Chacon became a world champion in 1975, knocking out defending world Featherweight champion Alfredo Marcano in nine at Los Angeles. During his first period as a world champion, Chacon got to meet, and like, what many refer to as the sweet life. He became an alcoholic and he loved partying. His clashes wth the law became matters of public knowledge, and his life went on a wild downward spiral.
Chacon lost that title in his second defense against arch-rival Ruben Olivares and almost immediately, he fought the first of his four fight rivalry with another world champion: Rafael Bazooka Limon. They would engage in what some boxing experts and historians have described as one of the fiercest and most spectacular boxing rivalries in history. Limon beat him in their first bout by a decision and they fought to a technical draw in their second bout.
This did not deter Chacon and he received a world championship try at the WBC's belt versus world champion Alexis Arguello, who beat him by a knockout in seven to retain the crown.
In 1980, Chacon had only one fight, but it was a significant one: He beat Limon in their third bout, and the WBC once again made him their number one challenger.
In 1981, Arguello had left the title vacant and gone up in weight to pursue the world's Lightweight title, so Limon beat Idelphonso Bethelmy by a knockout in 15 in Los Angeles to win the world championship. In his first defense, he lost it by a decision to Uganda's Cornelius Boza Edwards, who, in turn, defended his title against Chacon on his first defense. In a televised bout, Edwards retained the world title by a knockout in the thirteenth round.
Chacon put together a string of wins in 1982 that kept him as the number one challenger, but a dramatic development outside the ring which would change his life forever also took place: Chacon's wife, Valerie Chacon, flew to Hawaii on February of that year, hoping to convince him to leave boxing and move there if she found them good jobs. She was able to find a job, but unable to convince him to join her in Hawaii, so she flew back. She pleaded for him to leave the sport but wasn't able to convince him to do so, and one night before he boxed Salvador Ugalde, she grabbed a rifle and shot herself, dying instantly. Chacon felt guilty about her death, and he grabbed a microphone after that fight to tell the crowd he was dedicating his victory to his late wife Valerie.
After that, came his fourth and final bout with Limon. Limon had regained the world's Jr. Lightweight title by beating Rolando Navarrete by a knockout in 12. Navarrete, by his part, had won it by beating Edwards by a knockout in five in Italy. Chacon-Limon IV became one of the fights of the year and the decade, according to such magazines as Ring Magazine, KO Magazine, and The Ring En Espanol, and Chacon recovered from knockdowns suffered in rounds three and 10 to drop Limon in the closing seconds of round 15, and secure a close decision and his second world title in Sacramento.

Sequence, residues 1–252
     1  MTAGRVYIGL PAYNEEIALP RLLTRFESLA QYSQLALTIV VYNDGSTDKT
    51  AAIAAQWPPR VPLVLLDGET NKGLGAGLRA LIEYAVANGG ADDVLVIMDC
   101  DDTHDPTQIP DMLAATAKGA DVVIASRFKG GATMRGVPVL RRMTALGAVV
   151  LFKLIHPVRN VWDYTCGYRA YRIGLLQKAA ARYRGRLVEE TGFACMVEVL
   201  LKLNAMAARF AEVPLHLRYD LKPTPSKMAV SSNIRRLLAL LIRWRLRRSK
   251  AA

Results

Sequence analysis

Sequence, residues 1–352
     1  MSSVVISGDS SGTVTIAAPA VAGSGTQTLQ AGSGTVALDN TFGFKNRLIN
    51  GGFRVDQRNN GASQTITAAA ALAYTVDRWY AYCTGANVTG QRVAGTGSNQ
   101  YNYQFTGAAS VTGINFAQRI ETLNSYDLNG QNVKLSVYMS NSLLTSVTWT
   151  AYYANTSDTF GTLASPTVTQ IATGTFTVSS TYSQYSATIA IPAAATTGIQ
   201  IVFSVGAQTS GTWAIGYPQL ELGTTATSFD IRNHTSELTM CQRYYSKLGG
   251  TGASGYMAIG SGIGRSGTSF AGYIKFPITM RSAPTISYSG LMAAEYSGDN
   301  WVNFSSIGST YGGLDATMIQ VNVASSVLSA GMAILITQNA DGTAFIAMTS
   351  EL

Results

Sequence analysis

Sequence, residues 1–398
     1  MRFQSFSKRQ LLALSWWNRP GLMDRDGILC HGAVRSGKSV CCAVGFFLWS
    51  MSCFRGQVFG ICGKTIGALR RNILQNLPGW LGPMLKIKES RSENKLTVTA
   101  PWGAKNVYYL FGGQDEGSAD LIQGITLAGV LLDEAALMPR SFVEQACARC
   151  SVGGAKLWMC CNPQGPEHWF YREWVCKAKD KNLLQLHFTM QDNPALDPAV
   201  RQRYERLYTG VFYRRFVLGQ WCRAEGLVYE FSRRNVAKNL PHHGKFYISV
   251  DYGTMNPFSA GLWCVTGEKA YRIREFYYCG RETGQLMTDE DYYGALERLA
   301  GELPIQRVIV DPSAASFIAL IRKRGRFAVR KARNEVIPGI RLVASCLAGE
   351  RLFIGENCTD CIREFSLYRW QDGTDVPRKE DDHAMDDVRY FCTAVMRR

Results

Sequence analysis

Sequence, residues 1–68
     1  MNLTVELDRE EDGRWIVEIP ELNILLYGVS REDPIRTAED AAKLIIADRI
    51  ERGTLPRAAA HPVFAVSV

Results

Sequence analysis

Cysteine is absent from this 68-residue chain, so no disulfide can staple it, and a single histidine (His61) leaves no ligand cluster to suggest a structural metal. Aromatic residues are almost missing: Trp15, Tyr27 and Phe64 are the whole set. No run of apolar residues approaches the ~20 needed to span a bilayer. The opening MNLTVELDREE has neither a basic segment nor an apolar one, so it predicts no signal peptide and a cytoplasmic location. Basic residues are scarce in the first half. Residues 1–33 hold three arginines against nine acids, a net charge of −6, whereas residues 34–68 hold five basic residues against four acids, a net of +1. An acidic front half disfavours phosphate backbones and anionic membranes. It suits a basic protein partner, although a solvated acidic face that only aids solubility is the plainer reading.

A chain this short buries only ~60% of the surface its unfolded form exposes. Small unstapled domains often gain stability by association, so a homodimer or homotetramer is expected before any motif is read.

About one year and a half after Valerie's suicide, Chacon remarried and bought a large farm with a mansion and, according to what he said at a recent interview, about 40 horses. He also acquired a collection of Rolls Royce cars and some other vehicles. In between, he and Boza Edwards met for a second time, with his world title on the line, in what Ring Magazine called the fight of the year for 1983. Chacon rose from a knockdown in round one and recovered from a dangerous cut to drop Boza Edwards in round twelve and avenge his earlier defeat to the Ugandan former champion. He was then stripped of the world title for refusing to go to challenger Hector Camacho's home country of Puerto Rico to defend against him.
Chacon started 1984 with a move up in weight, to the Lightweight division, where he tried to join the exclusive club of boxing's three division world champions, but was knocked out in three during his challenge against world champion Ray Mancini in Reno. Chacon then beat Carlton Sparrow by a decision in twelve and announced his retirement.
During this short retirement, Chacon had a serious run in with the police when he tried to pick up a fight with his second wife while in a drunken state. It was said that Chacon had returned to alcohol with abandon after retirement.
Chacon came back in 1985 and he won four fights, including one against former world champion Arturo Frias by a knockout in seven, and a knockout in five over Rafael Solis, who had challenged Camacho for the world Jr. Lightweight title that had belonged to Chacon.
In 1987 and 1989 he won one fight each year, and then he retired for good. But Chacon's life was once again marred by tragedy when his son was murdered in 1991. In 1996, he was spotted at a public appearance in Phoenix, Arizona to see the Pay Per View fight between Oscar De La Hoya and Julio Cesar Chavez together with fans at a public fight viewing held at a plaza there. But by year 2000, he was living in a run down hotel, after having lost his mansion, his farm and his cars. He had, according to the hotel's manager, no way to pay the rent, so the manager fixed a small room with boxing equipment and a few photos of Chacon in his heyday so that he could train street kids there as a way of paying for the rent and to help Chacon remember who he is to boxing fans. Supposedly, Chacon and the manager later had trouble, so Chacon currently stays with his mother.
Chacon had a record of 59 wins, 7 losses and 1 no contest, with 47 wins coming by knockout.
Some of his fights were broadcast by HBO's boxing show, HBO Boxing, and he was also able to beat Olivares (by a ten round decision in the third and final bout between them) and the then undefeated future world champion Danny Lopez, by a knockout in 9.